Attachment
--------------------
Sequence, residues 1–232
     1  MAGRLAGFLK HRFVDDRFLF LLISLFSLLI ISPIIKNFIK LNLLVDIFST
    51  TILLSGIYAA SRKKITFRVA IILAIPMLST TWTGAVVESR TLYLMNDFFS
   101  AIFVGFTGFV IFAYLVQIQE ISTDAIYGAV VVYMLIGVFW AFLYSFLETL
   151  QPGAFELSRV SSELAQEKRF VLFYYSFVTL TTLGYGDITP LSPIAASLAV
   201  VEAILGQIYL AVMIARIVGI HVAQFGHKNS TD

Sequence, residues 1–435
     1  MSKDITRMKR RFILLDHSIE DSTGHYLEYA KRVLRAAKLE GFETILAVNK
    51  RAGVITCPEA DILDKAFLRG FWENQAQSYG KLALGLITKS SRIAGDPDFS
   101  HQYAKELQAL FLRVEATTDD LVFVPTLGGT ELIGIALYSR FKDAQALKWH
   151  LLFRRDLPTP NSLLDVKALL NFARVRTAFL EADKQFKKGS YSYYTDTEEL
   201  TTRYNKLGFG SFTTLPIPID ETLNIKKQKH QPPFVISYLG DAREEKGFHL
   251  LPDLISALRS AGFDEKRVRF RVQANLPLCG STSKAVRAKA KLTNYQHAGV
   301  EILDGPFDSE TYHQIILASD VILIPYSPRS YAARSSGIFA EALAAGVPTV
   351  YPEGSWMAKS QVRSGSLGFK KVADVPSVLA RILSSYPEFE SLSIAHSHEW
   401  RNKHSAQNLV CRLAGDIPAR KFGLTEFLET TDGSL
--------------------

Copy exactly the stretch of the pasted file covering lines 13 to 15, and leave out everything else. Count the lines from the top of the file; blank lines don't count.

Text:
   251  LPDLISALRS AGFDEKRVRF RVQANLPLCG STSKAVRAKA KLTNYQHAGV
   301  EILDGPFDSE TYHQIILASD VILIPYSPRS YAARSSGIFA EALAAGVPTV
   351  YPEGSWMAKS QVRSGSLGFK KVADVPSVLA RILSSYPEFE SLSIAHSHEW